Borneian Church

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The Borneian Church is the Christian Church of Bornei-Filipinas and the Malucos, which follows the early Christian tradition of the Holy Apostolic Assyrian Church of the East. Their culture is Malay-Castilian, their faith is Assyrian Christianity, and their language is predominantly Chavacano. Much of the Assyrian tradition has been forgotten, especially after the Castilian reduction of the Filipinas and the Malucos in the 17th century and the conflict between Castile and Bornei which lasted more than three centuries.

Origins

The Holy Apostolic Assyrian Church of the East (known in the west as the "Nestorian Church") originated in Persia and was the first Christian tradition to reach China. In the 13th and 14th centuries, Chinese Assyrian Christian missionaries spread throughout Southeast Asia, particularly to Sulug and Xrivizaja. A Chinese Assyrian Christian colony was established around the Quinabatañgan River of northern Bornei Island, where they build their first church.

The Sulug Tarsalila (Sulug geneological history) mentions one missionary, Tuhan Pilip, who marries the daughter of Rajja Siripada of Butuán in the 13th century. He converts the Sulugs to Assyrian Christianity, and is today regarded by the Borneian Church as a diua (saint). Diua Tuhan Pilip is the patron saint and "apostle" to the Filipinas, the Malucos, and Bornei. The Filipinas is named after him.

After the fall of the Xrivizajan capital of Palembang in 1377 to Mazapahit forces, many Assyrian Christian Rajjas fled to the islands of Bornei, the Filipinas, and the Malucos to establish their own Christian statelets. Among them were: Rajja Guru Baquir, who fled to Bornei; Rajja Baguinda of Minañgcabao, who fled to Sulug; Rajja Cabuñgsúan of Palembang, who fled to Maguindanao. Their choice of these territories must have been dictated by information that these territories had rich ports with many Assyrian Christian converts but without genuine Christian rulers.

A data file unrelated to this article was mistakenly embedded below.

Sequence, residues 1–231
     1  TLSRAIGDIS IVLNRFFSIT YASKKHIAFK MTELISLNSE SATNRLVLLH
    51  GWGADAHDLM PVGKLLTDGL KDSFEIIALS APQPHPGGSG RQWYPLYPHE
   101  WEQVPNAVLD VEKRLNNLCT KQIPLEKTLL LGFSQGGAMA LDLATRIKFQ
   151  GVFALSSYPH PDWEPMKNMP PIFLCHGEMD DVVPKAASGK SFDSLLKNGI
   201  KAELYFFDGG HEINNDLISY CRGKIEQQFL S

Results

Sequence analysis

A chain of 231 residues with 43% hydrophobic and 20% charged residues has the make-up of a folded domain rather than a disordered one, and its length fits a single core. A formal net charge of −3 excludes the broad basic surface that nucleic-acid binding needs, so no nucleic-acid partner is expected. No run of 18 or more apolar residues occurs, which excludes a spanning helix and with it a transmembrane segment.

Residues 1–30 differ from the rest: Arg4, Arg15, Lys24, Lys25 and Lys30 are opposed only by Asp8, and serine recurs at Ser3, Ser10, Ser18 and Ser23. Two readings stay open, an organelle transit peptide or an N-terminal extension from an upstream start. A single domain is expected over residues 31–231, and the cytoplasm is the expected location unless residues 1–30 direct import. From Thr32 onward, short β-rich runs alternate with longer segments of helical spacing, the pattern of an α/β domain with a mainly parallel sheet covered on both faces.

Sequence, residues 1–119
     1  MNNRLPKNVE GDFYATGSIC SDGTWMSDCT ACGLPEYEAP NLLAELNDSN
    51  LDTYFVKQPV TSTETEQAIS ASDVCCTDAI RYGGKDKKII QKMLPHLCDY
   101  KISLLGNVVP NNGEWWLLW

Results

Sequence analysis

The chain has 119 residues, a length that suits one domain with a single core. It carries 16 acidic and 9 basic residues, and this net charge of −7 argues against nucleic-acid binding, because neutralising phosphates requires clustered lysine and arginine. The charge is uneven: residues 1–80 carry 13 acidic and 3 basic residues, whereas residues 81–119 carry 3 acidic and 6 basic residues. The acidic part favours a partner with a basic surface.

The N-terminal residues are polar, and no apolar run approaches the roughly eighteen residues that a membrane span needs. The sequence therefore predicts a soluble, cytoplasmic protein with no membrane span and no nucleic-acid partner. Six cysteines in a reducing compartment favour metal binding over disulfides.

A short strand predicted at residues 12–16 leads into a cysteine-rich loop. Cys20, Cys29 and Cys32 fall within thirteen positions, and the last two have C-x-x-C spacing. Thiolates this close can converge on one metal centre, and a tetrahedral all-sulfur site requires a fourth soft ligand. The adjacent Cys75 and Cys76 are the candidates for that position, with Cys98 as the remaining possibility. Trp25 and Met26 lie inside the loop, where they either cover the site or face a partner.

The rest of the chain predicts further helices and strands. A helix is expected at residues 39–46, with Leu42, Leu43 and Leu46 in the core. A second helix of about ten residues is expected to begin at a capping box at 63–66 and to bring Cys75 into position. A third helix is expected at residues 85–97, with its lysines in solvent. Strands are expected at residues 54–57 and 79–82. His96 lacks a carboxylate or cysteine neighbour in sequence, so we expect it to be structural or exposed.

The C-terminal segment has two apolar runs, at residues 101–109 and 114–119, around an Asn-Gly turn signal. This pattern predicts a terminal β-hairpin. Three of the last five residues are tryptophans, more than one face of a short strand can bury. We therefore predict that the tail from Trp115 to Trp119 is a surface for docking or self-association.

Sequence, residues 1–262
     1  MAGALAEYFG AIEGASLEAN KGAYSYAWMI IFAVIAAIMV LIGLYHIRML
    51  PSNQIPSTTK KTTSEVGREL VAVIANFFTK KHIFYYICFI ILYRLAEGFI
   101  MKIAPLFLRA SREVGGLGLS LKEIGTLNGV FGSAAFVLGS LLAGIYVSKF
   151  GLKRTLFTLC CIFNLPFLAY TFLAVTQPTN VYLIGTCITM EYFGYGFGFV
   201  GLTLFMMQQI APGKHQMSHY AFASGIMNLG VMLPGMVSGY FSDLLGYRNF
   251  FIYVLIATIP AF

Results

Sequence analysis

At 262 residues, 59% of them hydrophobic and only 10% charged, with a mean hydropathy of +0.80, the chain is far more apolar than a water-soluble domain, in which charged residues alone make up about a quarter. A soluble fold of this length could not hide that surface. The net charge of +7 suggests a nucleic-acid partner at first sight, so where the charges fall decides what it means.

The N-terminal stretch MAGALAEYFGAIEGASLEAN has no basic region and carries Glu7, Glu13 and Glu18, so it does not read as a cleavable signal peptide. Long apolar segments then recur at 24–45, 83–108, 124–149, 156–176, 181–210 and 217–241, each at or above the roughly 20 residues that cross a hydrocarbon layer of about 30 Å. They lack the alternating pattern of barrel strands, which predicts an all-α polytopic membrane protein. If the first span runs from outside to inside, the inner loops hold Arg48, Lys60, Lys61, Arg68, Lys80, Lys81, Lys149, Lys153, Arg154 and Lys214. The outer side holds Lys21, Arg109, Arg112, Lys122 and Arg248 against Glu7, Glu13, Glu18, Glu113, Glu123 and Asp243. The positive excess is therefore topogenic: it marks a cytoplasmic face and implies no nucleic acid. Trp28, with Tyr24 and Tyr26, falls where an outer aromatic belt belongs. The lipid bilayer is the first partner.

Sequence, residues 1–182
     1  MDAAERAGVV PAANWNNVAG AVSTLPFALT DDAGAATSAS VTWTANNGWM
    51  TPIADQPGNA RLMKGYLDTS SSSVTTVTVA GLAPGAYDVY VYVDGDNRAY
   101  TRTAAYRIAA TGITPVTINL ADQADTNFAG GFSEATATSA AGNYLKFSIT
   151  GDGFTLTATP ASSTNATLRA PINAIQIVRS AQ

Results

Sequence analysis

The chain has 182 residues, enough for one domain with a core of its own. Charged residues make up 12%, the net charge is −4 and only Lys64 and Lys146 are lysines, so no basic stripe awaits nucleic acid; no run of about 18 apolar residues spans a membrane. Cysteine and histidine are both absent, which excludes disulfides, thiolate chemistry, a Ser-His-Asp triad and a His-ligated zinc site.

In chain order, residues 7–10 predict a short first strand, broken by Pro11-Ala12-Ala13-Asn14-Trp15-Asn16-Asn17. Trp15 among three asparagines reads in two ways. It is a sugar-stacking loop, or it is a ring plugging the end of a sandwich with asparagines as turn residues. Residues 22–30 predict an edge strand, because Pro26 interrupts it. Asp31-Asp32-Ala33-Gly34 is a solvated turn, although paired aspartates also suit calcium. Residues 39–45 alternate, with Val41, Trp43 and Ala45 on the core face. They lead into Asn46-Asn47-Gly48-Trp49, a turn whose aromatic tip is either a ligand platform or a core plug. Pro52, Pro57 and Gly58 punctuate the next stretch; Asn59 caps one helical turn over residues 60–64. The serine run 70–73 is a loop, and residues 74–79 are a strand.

In 1386, the religious leaders of the newly established Christian statelets of the islands of Bornei, the Filipinas, and the Malucos (Bornei, Maguindanao, Sulug, and Ternate) convened a synod in Quinabatañgan. Due to their relative isolation from Persia, the Assyrian Church was not always able to provide these statelets with "Assyrian" bishops. Furthermore, they had maintained certain local traditions like the use of the Baybayín Script. The religious leaders sent a delegation to the See of Seleucia-Ctesiphon to ask for autocephaly for their own Borneian Church, which was granted. The Borneian Church was thus still in full communion with the Holy Apostolic Assyrian Church of the East. Among themselves they elect the first Majaguru of the Borneian Church. The Majaguru, who resides in Quinabatañgan, is the Borneian equivalent of a patriarch.

Contact with Western Christianity

In 1521, when the Castilian navigator Ferdinando de Magellanes landed in the Philippines, there were an estimated three million Christians and 2000 churches under the jurisdiction of the Majaguru. The arrival of Ferdinando de Magellanes, however, heralded a new struggle for the Borneian Church because the Castilians considered everything outside Catholicism as heretical, including the native Christians they found in the Filipinas and the Malucos.

In 1579, the Isidorian Catholic Diocese of Manila was established, which claimed jurisdiction over all the Christians in the Filipinas and the Malucos. The Borneian Christian leadership within the Filipinas and the Malucos had to acquiesce to becoming Isidorian Catholics. This was very unpopular among the Filipino and Malucan Christians. After Manila was elevated to an archdiocese, a compromise was reached in 1595 when a synod was convened in Manila gathering all the Christian leaders within the Filipinas and the Malucos, and where it was decided to establish the Borneian Catholic Rite. However, the Borneian liturgy and the Mesopotamian connection of the native clergy laid them open to suspicion to the "heresy" of Nestorianism. For the next three hundred years, only locally born Castilians were allowed to become high ranking clerics within the Borneian Catholic Church.